Date Showing Showing On 21, 23, 24 October
Time Showing Monday 6pm, Wednesday 4pm and Thursday 6pm

The White Crow

MA15+ 2hrs 07mins
biography | 2019, UK, France, Serbia | English

Director Ralph Fiennes captures the raw physicality and brilliance of Rudolf Nureyev, whose escape to the West stunned the world at the height of the Cold War. With his magnetic presence, Nureyev emerged as ballet’s most famous star, a wild and beautiful dancer limited by the world of 1950s Leningrad. His flirtation with Western artists and ideas led him into a high-stakes game of cat and mouse with the KGB.


Coarse language and nudity

Ralph Fiennes
Original Review
Peter Travers, RollingStone
Extracted By
Mark Horner
Oleg Ivenko, Ralph Fiennes, Louis Hofmann, Sergei Polunin, Adèle Exarchopoulos

Watch The Trailer

THE WHITE CROW - Official Trailer - Directed by Ralph Fiennes

Storyline (warning: spoilers)

The White Crow (a Russian term for outlier) is Fiennes’ third film as a director, following Coriolanusand The Invisible Woman, in which he played, respectively, a soldier and an author (Charles Dickens). Both thrust him into the limelight. Nureyev is no exception. Fiennes, who discovered Julie Kavanagh’s 2007 Nureyev biography over a decade ago, uses only the first five chapters in his film about the dancer who played near every corner of the globe before dying of complications from AIDs in 1993. Working from a potent script by noted playwright and screenwriter David Hare (The Hours, The Reader), Fiennes gives his period drama a present-tense urgency that draws us into the life of Nureyev in the fascinating act of inventing himself.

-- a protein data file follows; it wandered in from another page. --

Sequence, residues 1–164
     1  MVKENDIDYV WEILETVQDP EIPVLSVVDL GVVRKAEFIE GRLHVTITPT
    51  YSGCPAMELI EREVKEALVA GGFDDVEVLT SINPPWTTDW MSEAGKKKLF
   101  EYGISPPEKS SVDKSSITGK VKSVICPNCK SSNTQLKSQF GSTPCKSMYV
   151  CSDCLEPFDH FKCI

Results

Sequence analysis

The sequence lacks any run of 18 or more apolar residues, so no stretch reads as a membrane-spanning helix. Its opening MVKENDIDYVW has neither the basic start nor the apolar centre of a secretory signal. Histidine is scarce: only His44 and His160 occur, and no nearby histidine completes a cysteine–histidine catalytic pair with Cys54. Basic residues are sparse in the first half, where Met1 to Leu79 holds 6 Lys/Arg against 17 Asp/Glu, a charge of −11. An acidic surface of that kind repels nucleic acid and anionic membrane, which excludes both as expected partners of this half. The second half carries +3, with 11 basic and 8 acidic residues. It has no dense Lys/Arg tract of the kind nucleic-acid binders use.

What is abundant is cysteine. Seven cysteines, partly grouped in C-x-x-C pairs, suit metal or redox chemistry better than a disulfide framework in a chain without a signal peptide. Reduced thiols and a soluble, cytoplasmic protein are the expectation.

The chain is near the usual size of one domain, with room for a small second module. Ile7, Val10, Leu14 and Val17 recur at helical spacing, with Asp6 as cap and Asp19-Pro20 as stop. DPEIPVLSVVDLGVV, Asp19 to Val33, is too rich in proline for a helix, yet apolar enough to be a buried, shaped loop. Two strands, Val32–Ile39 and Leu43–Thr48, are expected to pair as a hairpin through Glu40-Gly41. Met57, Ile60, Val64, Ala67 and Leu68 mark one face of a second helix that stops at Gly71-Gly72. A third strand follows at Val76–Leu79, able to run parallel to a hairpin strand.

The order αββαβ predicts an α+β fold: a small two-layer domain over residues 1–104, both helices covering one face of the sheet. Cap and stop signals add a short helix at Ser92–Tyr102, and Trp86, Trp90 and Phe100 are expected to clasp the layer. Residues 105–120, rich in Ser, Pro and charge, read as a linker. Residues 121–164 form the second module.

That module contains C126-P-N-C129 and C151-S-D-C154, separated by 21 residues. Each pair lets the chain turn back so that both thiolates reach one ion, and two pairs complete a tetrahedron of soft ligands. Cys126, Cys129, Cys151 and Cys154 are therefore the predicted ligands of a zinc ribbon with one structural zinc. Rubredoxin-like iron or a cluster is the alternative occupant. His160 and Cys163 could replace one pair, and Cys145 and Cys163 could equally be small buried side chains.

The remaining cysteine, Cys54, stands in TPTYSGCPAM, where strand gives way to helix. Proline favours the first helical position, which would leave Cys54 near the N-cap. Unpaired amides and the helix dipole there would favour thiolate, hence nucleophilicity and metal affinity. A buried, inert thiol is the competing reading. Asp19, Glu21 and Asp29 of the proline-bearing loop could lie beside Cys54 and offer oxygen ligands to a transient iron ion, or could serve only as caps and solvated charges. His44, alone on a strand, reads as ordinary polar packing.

Making the bold decision to cast a dancer in the role, figuring it would be impossible to teach an actor to dance like a master, Ukranian dancer Oleg Ivenko, a soloist at the Jalil Tatar Ballet Theater, brings just the right note of youthful energy and sexual swagger to the role, speaking in Russian and accented English, his eyes alert to every challenge and perceived threat.  The ballet sequences, performed by Ivenko, Polunin and other dancers representing the Kirov company, are beautifully executed. What intrigues Fiennes as a filmmaker is the drive that keeps Nureyev going when forces build inexorably against him. He wants us to know Nureyev as a man.

Fiennes intercuts scenes — shot in widescreen monochrome — of Nureyev’s childhood poverty, including his birth on a Trans-Siberian train, to reveal his rigorous training by the state and his life as a have-not. Suspense and gut-clutching tension builds at the airport when Nureyev makes his decision to defect. Why did he do it? Fiennes offers no easy answers, mostly because Nureyev didn’t have any himself. On one side are the Russians, who order him home, ostensibly to receive an award from Premier Khrushchev, but more likely to hold him there as a virtual prisoner. On the other side is his ambition to succeed on a world stage. Fiennes makes the weight of the choice palpable. Part thriller, part meditation on life and art, part portrait of a man on a tightrope, Fiennes makes the result a thing of bruising beauty and an exhilarating gift.

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